The point of the passage is not that you withhold all instruction in reading or writing until 11, 12, or 14, but that you should put the abilities and achievements of your students in perspective.

That's one interpretation, but it's certainly not the closest to his words. He said the child is "blessed" who reads and writes late. Now who doesn't want a child to be "blessed"? That's strong language. That's a strong incentive to delay instruction as long as possible. Any other interpretation would seem to quite water down his intent. He speaks of the importance or advantageousness of such a delay for spiritual purposes, and Waldorf is all about the optimum spiritual development of the child (as virtually every lecture in the volume repeats many times).

Obviously, you cannot literally withhold all reading and writing instruction until later than age 11 and expect to run schools. I personally think this is the appropriate lens for understanding the odd mix of attitudes and practices in Waldorf reading instruction: they are trying to make an uneasy compromise out of the inescapable need to at least try to teach children to read and write, which of course they recognize is necessary in society, and their spiritual goals, which are always more important, and which they know from Rudolf Steiner are better served by minimizing, delaying, and downplaying the acquisition of literacy (which is ahrimanic, dead, abstract, etc.; Steiner and many other anthroposophists are on record repeating this ad nauseum) till the latest age possible.

It's a difficult compromise with society, with many detractors. Isn't spirituality always so?

In other words, be patient with them; there are benefits to late blooming.

And those benefits are in fact the goal of a Waldorf education. The passage doesn't read as a prescription for "patience" with slow learners. It is not a passage or a lecture about how to handle reading difficulties, or handle the children who are slower learners. He was speaking in generalities of what is best for children, he was helping them set their program up at this new school. Context galore folks.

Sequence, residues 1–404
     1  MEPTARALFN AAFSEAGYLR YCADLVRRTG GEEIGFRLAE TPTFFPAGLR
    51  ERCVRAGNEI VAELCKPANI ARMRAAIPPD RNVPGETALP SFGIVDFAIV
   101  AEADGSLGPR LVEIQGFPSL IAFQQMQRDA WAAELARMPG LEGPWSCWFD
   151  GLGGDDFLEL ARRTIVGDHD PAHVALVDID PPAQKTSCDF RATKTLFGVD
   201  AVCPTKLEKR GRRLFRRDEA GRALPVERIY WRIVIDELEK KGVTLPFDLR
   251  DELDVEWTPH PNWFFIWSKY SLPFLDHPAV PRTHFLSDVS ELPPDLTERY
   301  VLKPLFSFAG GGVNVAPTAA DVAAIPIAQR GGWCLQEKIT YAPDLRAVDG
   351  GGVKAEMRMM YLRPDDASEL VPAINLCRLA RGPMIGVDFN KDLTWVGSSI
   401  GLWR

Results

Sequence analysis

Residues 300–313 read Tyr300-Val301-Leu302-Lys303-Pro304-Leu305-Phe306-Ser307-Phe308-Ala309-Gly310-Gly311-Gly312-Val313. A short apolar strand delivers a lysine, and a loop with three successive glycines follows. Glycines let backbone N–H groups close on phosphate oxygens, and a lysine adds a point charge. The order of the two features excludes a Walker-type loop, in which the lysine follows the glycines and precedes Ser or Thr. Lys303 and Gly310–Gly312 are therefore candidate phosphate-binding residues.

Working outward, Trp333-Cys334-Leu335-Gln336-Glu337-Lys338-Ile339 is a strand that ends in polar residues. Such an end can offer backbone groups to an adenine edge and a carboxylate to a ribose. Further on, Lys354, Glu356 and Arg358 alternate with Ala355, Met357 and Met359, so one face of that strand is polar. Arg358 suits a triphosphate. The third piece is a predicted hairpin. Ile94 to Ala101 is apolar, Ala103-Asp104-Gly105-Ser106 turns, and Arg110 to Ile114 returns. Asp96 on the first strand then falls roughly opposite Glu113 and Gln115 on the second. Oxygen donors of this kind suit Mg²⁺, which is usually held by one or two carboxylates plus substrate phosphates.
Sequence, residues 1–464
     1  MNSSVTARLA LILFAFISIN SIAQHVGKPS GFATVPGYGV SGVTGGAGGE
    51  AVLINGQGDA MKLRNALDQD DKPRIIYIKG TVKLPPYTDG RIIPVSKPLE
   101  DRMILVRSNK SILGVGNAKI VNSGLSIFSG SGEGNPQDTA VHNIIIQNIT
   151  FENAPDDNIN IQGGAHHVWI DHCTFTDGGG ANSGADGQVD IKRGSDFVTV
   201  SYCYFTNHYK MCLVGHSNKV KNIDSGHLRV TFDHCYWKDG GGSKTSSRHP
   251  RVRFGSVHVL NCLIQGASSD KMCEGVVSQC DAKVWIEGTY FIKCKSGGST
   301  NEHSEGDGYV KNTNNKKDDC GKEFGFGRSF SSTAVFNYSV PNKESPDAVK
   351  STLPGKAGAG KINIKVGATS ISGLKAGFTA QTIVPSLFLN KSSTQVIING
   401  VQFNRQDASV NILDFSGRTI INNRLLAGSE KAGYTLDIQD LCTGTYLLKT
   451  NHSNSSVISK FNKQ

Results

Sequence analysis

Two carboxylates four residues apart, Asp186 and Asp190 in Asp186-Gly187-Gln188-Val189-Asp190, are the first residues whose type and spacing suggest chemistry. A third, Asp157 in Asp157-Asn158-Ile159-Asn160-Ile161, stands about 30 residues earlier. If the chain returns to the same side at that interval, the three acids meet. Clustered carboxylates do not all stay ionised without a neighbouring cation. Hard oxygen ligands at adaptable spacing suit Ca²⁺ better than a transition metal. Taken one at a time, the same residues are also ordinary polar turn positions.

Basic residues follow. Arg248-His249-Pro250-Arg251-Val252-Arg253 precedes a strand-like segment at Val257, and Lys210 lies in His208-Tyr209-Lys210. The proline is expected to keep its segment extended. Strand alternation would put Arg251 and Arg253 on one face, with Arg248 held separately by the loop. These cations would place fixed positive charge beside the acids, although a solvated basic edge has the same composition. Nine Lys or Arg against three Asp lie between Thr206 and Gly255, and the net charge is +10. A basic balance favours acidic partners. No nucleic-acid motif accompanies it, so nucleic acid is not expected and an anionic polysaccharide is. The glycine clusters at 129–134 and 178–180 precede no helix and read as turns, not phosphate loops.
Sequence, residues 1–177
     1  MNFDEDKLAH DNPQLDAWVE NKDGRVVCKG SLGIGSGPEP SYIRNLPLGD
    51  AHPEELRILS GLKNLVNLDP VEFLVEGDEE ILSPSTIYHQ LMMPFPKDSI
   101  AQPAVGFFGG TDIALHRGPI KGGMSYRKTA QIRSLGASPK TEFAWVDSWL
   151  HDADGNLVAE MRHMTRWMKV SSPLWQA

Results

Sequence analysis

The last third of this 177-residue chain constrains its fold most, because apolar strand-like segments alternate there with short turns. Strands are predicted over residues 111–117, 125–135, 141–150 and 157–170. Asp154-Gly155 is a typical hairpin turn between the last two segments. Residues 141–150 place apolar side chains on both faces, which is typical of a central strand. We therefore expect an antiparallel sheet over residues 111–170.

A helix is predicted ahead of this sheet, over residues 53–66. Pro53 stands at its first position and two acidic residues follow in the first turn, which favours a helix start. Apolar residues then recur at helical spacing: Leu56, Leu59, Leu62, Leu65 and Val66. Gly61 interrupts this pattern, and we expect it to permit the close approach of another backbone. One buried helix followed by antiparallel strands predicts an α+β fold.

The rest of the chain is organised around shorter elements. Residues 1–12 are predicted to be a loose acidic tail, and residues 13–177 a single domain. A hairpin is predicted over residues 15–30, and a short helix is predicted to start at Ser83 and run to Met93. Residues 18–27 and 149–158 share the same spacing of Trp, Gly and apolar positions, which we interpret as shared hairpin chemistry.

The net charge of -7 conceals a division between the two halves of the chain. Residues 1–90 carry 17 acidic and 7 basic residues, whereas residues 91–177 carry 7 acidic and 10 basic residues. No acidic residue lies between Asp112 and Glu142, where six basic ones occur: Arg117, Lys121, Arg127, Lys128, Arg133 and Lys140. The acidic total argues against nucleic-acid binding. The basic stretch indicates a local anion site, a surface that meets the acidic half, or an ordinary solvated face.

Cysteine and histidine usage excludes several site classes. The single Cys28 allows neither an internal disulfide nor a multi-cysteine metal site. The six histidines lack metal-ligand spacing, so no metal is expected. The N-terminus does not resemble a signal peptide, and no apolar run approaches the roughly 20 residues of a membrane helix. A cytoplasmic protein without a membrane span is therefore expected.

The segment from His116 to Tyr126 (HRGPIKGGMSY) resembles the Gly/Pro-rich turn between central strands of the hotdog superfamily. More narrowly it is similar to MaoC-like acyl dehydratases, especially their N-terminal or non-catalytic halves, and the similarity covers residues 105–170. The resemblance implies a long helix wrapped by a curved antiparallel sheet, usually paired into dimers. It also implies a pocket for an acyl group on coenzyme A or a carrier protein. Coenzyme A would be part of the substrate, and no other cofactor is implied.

You will note the phrase, "reading and writing as we have them today." He advocates the teaching of reading and writing using different methods.

No, that's not the context of this passage. The discussion is preceded by talk of "how writing really originated," i.e., through pictures: "Today it is difficult to recognize from the words themselves that the letters were once pictures." (p. 24). That was thousands of years ago, of course. He is not contrasting his method with other pedagogical methods in other schools today (or circa 1924, date of lectures); he's contrasting alphabetic writing with pictographs.

These methods do not force the child, but allow each to go at his or her own pace. The Waldorf methods allow for a child to read and write each according to his or her interest.

Then why should children who are interested earlier be held back?

2. No, I do not believe that a child who teaches himself to read, will later on not enjoy it.

Ok – so you personally are opposed to "instruction" in some direct sense; not to early reading per se?

I like that interpretation, the far more liberal interpretation of Steiner. What we don't really know is how many people interpret it your way versus following Steiner more literally. We do know that the latter cause a lot of problems. And we know that he didn't actually say, Be patient with late bloomers; what he said is closer to, A delay is actually good for them spiritually.

3. You seem to have misunderstood me when I said that in my experience children with early instruction tend to burnout. I was not speaking about Waldorf students who have been there since kindergarten.